Press Release

IACHR Epresses Concern over the Granting of Conditional Release to those Convicted of Serious Human Rights Violations in Chile

August 17, 2018

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Washington, D.C. - The Inter-American Commission on Human Rights (IACHR) expresses its concern about the decision of the Criminal Chamber of the Supreme Court of Chile to grant conditional release to those convicted of serious human rights violations who were serving prison sentences for their responsibility for crimes against humanity during the Chilean dictatorship, despite the negative rulings of the Commission on Parole. The IACHR recalls that in relation to sentences imposed for serious human rights violations, the Inter-American Court of Human Rights has referred to the State's duty to refrain from resorting to figures who seek to suppress the effects of the sentence.

According to information received by the Commission, on 30 and 31 July 2018, the Criminal Chamber of the Supreme Court of Chile granted conditional release to former agents of the civic-military dictatorship convicted for their involvement in crimes against humanity. In five of the cases, in making this decision, the Criminal Chamber of the Supreme Court reversed the decisions of the Santiago Court of Appeals that had upheld the decisions issued by the Parole Commission in April of this year. These resolutions, based on psychological reports made by the Gendarmerie, warn that the convicted persons have insufficient or no awareness of the crime and the damage caused as a result of it, or validate or justify their criminal behavior, among other aspects.

The IACHR notes that in the reasoning behind the decision, it points out that the conventions signed by the Chilean State in the area of human rights do not prevent the recognition of the convicted persons' right to return to society through mechanisms such as conditional release, and maintains that in the Barrios Altos case, the Inter-American Court only questioned the "undue" granting of benefits in the execution of the sentence. The Criminal Chamber argues that this situation would not arise in the cases in question since the legal and regulatory requirements for access to parole would be met.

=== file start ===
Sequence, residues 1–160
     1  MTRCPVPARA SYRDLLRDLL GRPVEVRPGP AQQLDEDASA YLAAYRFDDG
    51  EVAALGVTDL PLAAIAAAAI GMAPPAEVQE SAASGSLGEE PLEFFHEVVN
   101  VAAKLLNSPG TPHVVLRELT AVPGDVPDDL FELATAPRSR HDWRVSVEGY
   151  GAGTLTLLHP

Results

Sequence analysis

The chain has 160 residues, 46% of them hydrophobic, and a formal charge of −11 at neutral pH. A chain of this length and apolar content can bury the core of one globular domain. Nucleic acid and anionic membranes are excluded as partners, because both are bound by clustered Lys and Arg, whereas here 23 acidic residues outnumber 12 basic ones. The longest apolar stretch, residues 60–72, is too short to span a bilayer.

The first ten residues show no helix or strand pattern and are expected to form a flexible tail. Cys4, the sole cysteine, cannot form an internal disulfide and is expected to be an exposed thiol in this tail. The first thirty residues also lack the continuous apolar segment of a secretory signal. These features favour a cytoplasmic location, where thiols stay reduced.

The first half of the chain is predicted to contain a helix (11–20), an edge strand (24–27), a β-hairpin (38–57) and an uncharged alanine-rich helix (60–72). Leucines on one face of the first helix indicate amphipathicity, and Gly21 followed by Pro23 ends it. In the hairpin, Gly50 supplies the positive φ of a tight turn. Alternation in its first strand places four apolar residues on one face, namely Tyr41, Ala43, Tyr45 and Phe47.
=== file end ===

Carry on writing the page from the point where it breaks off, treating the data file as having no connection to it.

In this regard, the IACHR considers that, although even in cases of serious human rights violations, international law admits that certain circumstances may lead to a reduction in the sentence, such as effective collaboration with the justice system through information that allows the crime to be solved, in accordance with the standards of the Inter-American Human Rights System, such circumstances require a more demanding analysis and requirements in terms of the legally protected rights affected, the gravity of the facts, and the obligation of States to investigate, judge and punish those responsible for crimes against humanity. Consequently, the international obligation to punish those responsible for serious human rights violations cannot be unduly affected or become illusory during the execution of the sentence that imposed the sanction, in accordance with the principle of proportionality.

Likewise, the Inter-American Court has recently pointed out that when contemplating a measure that affects the execution of the sentence for crimes of serious human rights violations, it is necessary to consider the impact on the rights of victims and their families, taking into consideration international law standards such as: that a substantial part of the custodial sentence has been served and the civil reparation imposed in the sentence has been paid; the convicted person's conduct with regard to the establishment of the truth; recognition of the seriousness of the crimes committed and their rehabilitation; and the effects that their early release would have on the social level and on the victims and their families.